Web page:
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HAMLeT: Hardware Accelerated Memory LayoutTransform within 3D-stacked DRAM

Berkin Akn, James C. Hoe, and Franz FranchettiElectrical and Computer Engineering DepartmentCarnegie Mellon University, Pittsburgh, PA, USA

{bakin, jhoe, franzf}@ece.cmu.edu

AbstractMemory layout transformations via data reorgani-zation are very common operations, which occur as a part of thecomputation or as a performance optimization in data-intensiveapplications. These operations require inefficient memory accesspatterns and roundtrip data movement through the memoryhierarchy, failing to utilize the performance and energy-efficiencypotentials of the memory subsystem. This paper proposes a high-bandwidth and energy-efficient hardware accelerated memorylayout transform (HAMLeT) system integrated within a 3D-stacked DRAM. HAMLeT uses a low-overhead hardware thatexploits the existing infrastructure in the logic layer of 3D-stacked DRAMs, and does not require any changes to theDRAM layers, yet it can fully exploit the locality and parallelismwithin the stack by implementing efficient layout transformalgorithms. We analyze matrix layout transform operations (suchas matrix transpose, matrix blocking and 3D matrix rotation)and demonstrate that HAMLeT can achieve close to peak systemutilization, offering up to an order of magnitude performanceimprovement compared to the CPU and GPU memory subsystemswhich does not employ HAMLeT.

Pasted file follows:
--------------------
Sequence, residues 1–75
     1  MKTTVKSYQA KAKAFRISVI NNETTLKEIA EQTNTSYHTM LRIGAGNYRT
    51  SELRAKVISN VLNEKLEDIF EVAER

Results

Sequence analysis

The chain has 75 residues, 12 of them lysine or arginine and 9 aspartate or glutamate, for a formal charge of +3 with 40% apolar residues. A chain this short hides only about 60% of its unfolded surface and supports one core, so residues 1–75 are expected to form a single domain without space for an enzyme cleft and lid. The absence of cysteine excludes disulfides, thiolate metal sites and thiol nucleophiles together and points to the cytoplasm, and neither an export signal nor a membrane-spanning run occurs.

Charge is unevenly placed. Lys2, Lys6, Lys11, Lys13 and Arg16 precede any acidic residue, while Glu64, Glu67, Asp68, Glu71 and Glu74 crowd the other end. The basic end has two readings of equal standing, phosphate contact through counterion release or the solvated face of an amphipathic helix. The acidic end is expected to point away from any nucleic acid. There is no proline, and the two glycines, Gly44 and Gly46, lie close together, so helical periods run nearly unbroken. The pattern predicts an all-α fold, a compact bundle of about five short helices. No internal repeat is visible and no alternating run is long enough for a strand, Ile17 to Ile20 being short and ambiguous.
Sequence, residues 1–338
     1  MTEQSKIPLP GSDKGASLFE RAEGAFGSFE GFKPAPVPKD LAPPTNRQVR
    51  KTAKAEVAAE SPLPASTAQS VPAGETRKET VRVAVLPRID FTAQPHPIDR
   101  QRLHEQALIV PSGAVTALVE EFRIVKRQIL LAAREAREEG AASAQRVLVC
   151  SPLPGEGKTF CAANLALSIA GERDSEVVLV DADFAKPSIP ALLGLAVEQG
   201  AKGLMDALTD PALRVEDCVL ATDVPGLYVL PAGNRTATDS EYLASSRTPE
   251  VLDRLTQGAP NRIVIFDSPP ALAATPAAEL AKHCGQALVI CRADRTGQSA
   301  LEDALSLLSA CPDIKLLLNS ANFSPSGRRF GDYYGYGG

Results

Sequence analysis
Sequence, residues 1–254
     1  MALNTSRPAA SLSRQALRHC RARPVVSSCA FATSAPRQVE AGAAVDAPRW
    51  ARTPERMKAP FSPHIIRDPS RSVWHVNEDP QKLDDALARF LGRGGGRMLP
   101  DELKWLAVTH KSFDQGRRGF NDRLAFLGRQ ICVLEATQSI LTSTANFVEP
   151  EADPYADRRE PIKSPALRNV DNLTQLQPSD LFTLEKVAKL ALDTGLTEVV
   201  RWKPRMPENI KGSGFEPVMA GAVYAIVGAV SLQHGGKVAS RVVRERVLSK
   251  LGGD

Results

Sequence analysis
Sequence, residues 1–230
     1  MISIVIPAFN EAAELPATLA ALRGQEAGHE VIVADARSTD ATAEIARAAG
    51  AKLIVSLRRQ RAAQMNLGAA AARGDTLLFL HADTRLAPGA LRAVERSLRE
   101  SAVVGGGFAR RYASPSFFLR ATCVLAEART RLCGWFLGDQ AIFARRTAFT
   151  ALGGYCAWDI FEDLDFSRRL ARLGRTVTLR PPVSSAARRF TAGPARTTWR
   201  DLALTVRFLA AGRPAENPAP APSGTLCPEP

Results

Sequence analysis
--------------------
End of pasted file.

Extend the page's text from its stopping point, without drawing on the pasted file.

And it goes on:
I. INTRODUCTION

Main memory has been a major bottleneck in achievinghigh performance and energy efficiency for various computingsystems. This problem, also known as the memory wall, isexacerbated by multiple cores and on-chip accelerators sharingthe main memory and demanding more memory bandwidth.3D die stacking is an emerging technology that addresses thememory wall problem by coupling multiple layers of DRAMwith the processing elements via high-bandwidth, low-latencyand very dense vertical interconnects, i.e. TSVs (throughsilicon via). However, in practice, the offered high performanceand energy efficiency potentials is only achievable via theefficient use of the main memory.

Exploiting the data locality and the abundant parallelismprovided by multiple banks, ranks (and layers) is the keyfor efficiently utilizing the DRAM based main memories.However, several data-intensive applications fail to utilize theavailable locality and parallelism due to the inefficient memoryaccess patterns and the disorganized data placement in theDRAM. This leads to excessive DRAM row buffer missesand uneven distribution of the requests to the banks, ranksor layers which yield very low bandwidth utilization and incursignificant energy overhead. Existing solutions such as mem-ory access scheduling [1] or compiler optimizations [2], [3]provide limited improvements. Memory layout transformationvia data reorganization in the memory aims the inefficient

This work was sponsored by DARPA under agreement HR0011-13-2-0007. The content, views and conclusions presented in this document do notnecessarily reflect the position or the policy of DARPA.